This game looks easy, but you know how it goes. Fall over a stick, start again. Bump into an enemy, start again. Hit a new high score, spend the next hours trying to beat it, fall over another stick, repeat.

If you’re into popular arcade runners like Temple Run, Jetpack Joyride, or Subway Surfers, this game could be worth a go if you also want to earn crypto for your time.

You can rack up Opal (OPAL) cryptocurrency tokens for winning runner battles. You can also build up your character NFT by entering battles, and then you can either sell your NFT on the MetaRun marketplace or hold onto it.

There are a variety of different maps to explore, which adds a lot more substance to the game compared to the same old maps you see in other arcade runner games.

These maps are much more detailed than any of the ones in other runner games.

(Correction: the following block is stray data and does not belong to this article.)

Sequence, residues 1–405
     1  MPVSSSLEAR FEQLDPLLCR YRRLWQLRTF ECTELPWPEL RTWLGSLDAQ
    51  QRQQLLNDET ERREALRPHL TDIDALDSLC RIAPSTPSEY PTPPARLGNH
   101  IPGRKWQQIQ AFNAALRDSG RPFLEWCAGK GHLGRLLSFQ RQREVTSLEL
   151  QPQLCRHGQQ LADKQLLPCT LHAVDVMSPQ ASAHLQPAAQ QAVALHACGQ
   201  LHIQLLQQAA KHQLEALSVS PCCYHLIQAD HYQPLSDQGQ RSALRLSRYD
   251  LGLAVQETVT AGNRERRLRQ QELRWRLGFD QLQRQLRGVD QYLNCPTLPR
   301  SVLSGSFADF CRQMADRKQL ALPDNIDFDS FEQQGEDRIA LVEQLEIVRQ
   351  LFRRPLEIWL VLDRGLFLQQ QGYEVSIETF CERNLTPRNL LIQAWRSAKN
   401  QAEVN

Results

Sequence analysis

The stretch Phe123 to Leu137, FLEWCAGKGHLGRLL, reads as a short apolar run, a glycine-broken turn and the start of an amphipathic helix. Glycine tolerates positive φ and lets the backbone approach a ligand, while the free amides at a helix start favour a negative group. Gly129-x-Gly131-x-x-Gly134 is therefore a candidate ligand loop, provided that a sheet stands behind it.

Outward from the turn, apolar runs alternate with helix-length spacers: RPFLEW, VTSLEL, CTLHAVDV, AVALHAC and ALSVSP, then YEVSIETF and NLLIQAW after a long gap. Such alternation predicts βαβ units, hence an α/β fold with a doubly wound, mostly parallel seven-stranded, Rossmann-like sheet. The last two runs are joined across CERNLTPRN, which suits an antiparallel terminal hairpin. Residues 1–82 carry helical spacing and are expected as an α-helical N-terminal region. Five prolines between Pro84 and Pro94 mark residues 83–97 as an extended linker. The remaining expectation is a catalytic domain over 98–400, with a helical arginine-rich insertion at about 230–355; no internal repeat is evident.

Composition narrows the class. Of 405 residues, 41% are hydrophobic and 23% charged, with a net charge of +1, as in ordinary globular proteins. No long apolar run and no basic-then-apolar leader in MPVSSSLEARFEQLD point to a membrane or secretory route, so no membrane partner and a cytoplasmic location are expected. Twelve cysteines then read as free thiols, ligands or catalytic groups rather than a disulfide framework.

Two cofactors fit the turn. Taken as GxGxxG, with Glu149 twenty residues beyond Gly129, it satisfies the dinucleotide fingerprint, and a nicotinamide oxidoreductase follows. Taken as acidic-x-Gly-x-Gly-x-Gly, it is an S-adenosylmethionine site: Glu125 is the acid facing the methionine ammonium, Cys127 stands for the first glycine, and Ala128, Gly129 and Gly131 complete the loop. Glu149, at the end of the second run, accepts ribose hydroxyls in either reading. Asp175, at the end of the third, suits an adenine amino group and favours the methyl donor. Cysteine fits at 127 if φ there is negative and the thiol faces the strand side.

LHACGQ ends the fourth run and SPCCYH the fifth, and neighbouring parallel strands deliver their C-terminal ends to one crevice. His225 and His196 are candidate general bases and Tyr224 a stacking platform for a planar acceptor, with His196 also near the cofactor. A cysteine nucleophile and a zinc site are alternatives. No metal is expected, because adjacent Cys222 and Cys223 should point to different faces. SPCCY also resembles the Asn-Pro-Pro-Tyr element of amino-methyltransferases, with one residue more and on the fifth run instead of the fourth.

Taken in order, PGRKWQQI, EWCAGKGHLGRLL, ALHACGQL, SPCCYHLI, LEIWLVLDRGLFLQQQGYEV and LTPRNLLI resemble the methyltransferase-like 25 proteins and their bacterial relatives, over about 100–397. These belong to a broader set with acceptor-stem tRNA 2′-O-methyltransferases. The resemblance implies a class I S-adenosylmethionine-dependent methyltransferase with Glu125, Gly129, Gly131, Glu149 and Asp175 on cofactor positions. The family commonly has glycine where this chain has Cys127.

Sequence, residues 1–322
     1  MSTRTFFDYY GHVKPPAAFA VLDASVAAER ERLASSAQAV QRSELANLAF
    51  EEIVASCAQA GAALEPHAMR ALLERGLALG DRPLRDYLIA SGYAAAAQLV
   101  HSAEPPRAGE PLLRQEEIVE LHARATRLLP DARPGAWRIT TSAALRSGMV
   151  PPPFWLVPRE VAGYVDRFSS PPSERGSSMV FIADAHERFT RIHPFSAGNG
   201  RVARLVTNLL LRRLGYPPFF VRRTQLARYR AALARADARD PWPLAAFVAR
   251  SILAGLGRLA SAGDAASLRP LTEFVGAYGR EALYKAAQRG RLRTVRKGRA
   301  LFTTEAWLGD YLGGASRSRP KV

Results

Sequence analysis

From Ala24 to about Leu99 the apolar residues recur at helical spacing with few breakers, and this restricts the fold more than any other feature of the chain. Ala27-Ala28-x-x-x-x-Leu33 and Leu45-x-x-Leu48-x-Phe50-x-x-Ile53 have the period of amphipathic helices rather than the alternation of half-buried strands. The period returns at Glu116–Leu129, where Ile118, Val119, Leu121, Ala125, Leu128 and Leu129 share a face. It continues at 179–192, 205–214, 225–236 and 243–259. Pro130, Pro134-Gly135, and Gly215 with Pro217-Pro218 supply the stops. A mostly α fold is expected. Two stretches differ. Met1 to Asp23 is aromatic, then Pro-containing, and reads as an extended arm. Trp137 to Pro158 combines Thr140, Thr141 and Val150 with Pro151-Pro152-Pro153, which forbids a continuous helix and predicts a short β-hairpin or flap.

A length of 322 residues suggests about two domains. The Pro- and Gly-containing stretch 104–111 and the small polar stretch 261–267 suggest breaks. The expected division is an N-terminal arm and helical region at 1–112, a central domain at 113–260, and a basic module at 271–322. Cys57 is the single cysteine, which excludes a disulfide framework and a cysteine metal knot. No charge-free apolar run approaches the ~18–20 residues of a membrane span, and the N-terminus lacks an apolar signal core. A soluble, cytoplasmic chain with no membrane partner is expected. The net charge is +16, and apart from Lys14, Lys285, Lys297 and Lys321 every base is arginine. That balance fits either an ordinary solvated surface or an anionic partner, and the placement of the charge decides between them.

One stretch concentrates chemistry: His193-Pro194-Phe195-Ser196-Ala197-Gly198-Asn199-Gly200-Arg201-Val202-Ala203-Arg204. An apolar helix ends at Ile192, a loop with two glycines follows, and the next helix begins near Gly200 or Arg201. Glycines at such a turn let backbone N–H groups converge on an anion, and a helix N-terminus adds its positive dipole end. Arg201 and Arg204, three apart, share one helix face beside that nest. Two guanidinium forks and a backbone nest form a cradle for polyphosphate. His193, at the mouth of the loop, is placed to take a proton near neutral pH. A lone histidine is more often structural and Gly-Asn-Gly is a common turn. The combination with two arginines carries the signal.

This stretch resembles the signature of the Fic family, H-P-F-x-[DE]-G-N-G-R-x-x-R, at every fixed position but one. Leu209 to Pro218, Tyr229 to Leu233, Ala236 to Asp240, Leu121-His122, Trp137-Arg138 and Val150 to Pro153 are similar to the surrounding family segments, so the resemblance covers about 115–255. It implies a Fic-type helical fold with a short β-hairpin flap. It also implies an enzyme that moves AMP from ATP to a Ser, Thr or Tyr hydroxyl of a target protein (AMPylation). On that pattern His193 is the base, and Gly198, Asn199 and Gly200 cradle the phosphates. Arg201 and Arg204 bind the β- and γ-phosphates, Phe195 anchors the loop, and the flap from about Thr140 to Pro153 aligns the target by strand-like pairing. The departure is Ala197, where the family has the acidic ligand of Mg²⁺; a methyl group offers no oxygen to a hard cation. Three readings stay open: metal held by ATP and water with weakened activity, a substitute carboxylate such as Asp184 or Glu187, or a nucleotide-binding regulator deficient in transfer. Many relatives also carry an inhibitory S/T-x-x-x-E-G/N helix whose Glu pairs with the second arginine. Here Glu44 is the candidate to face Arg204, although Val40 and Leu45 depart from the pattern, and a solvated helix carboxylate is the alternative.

Sometimes, it feels like I’m sprinting through Europe; other times, through the jungle.

The audio and style remind me of Crash Bandicoot. If you were a fan of that ’96 classic, you might feel a bit of that mom’s basement nostalgia, too.

The graphics are sharper than Crash Bandicoot, but let’s be honest — arcade runner games like this don’t need mind-blowing graphics to be fun.

Other News

— Sky Mavis has announced that with the assistance of Norwegian authorities, it has recovered $5.7 million from the notorious Ronin Bridge hack of 2022.

— Metaverse firm The Sandbox just nailed down $20 million in a funding round with a valuation cap of a billion dollars.

— The Arbitrum Foundation, the team responsible for the Ethereum rollup-based layer-2 network Arbitrum, has committed to set aside 225 million Arbitrum (ARB) tokens valued at approximately $215 million to be distributed over three years through the newly established Gaming Catalyst Program.

— American fast food chain McDonald’s launched the “My Happy Place” metaverse in Singapore, allowing locals to build virtual burgers and participate in other activities.

Ciaran Lyons

Ciaran Lyons is an Australian crypto journalist. He’s also a standup comedian and has been a radio and TV presenter on Triple J, SBS and The Project.